Just Among Friends

This appeared in The Neshoba Democrat - July 13, 2005

My daddy (Bud Darby) loved the story about the father who was so proud of his son for being in college that when he came home his dad said, “Son, talk to me in algebra.” This week, I’m talking “in Marty,” Marty Stuart, that is.

While Marty left home at the age of 13 to pursue his dream in country music, there is still a lot of Philadelphia, a lot of Mississippi and a lot of many of you in Marty Stuart. Betty Seward and I spent a few days with Marty and his wife, Connie Smith, in their home outside Nashville. Together they transformed Roy Orbison’s recreation-recording studio (his home was next door, Johnny Cash’s home on the other side) into a beautiful home which is a perfect blend of Marty and Connie’s taste.

My favorite parts of the house were the floors (wide heart pine), the doors (no two alike, a collection from over the world) and the upper and lower decks overlooking Old Hickory Lake. Betty loved the chandeliers and the lamps, each with a story of its own. “It’s just a house,” Marty said. “Connie makes it a home.”

On the day we arrived, Marty and Connie had hosted a seated luncheon in their home for 20-plus of “some of Mississippi’s most creative minds,” Marty called them, who included Chancellor Dr. Robert Khyatt of Ole Miss, Mr. and Mrs. Fred Carl (Viking) of Greenwood, Lanny Griffith of Washington, D.C., Tim DuBois (Universal South Records) and Marc Dottore of Nashville.

Marty told us of ongoing meetings taking place toward the development of a television series to be filmed in Oxford celebrating the depth and cultural heritage of Mississippi music. Marty will host the show. The series format will bear semblance to the long-running Austin City Limits.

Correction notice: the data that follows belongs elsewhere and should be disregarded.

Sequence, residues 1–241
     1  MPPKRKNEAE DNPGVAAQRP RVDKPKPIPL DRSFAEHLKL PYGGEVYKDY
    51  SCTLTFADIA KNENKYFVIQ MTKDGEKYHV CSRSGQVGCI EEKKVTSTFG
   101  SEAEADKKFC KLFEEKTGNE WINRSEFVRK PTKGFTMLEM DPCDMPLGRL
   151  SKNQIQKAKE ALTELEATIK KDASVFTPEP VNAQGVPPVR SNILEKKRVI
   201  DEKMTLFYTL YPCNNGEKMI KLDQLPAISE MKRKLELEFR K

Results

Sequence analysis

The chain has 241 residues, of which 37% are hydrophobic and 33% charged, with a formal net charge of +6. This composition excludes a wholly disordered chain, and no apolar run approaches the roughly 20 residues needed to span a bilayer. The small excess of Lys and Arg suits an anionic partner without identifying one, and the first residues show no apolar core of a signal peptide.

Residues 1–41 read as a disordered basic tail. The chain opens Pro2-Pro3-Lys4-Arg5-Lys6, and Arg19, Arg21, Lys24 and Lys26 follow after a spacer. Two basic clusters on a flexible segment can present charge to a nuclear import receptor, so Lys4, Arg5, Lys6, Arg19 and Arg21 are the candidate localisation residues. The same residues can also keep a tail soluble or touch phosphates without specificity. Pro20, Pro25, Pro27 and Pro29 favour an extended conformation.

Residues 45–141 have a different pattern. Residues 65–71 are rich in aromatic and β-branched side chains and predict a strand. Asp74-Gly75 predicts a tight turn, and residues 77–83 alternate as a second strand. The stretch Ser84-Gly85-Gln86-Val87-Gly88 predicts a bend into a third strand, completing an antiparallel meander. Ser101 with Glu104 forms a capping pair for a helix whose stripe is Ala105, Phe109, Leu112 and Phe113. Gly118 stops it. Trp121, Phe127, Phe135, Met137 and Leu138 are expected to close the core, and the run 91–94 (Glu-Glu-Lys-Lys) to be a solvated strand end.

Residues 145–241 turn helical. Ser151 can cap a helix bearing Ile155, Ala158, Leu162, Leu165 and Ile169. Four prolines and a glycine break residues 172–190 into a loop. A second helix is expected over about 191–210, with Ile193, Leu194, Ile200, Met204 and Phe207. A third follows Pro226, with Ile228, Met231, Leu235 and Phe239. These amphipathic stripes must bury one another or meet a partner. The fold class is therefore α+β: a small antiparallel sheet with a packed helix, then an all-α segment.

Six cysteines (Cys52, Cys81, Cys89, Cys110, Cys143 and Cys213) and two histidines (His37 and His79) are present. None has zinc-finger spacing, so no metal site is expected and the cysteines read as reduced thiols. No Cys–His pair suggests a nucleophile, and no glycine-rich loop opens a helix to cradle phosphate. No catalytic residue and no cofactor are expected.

Other business of the day including making arrangements to house “The Marty Stuart Collection” as a permanent exhibit at the Center for Southern Culture Studies at the University of Mississippi. Marty’s collection is a 20,000 piece museum exhibit, the largest private collection of country music memorabilia in America.

Marty’s co-hostess is the picture of gracious womanhood in a petite frame with flawless complexion, blonde hair, crystal blue eyes and the sweetest spirit you will ever meet. Connie won a talent contest in southern Ohio when she was 23 years old. “Whispering” Bill Anderson heard her and took her tape to Nashville to RCA recording company.

RCA called her to Nashville where she recorded “Once A Day” under their label. The song climbed to #1 and remained there for eight weeks. Her first album, self-titled Connie Smith, also rose to #1. Connie recently celebrated her 40th anniversary as a member of the Grand Ole Opry.

Marty and Connie, the stars, are busy traveling in their separate tour buses, playing concerts across the nation, but at home, rocking side by side, Marty is still Hilda and John Stuart’s son and Jennifer’s brother from Route 8, Philadelphia, Mississippi.

Next week: More on Marty.

By Rachel Evans

Return To Articles Return To Home Page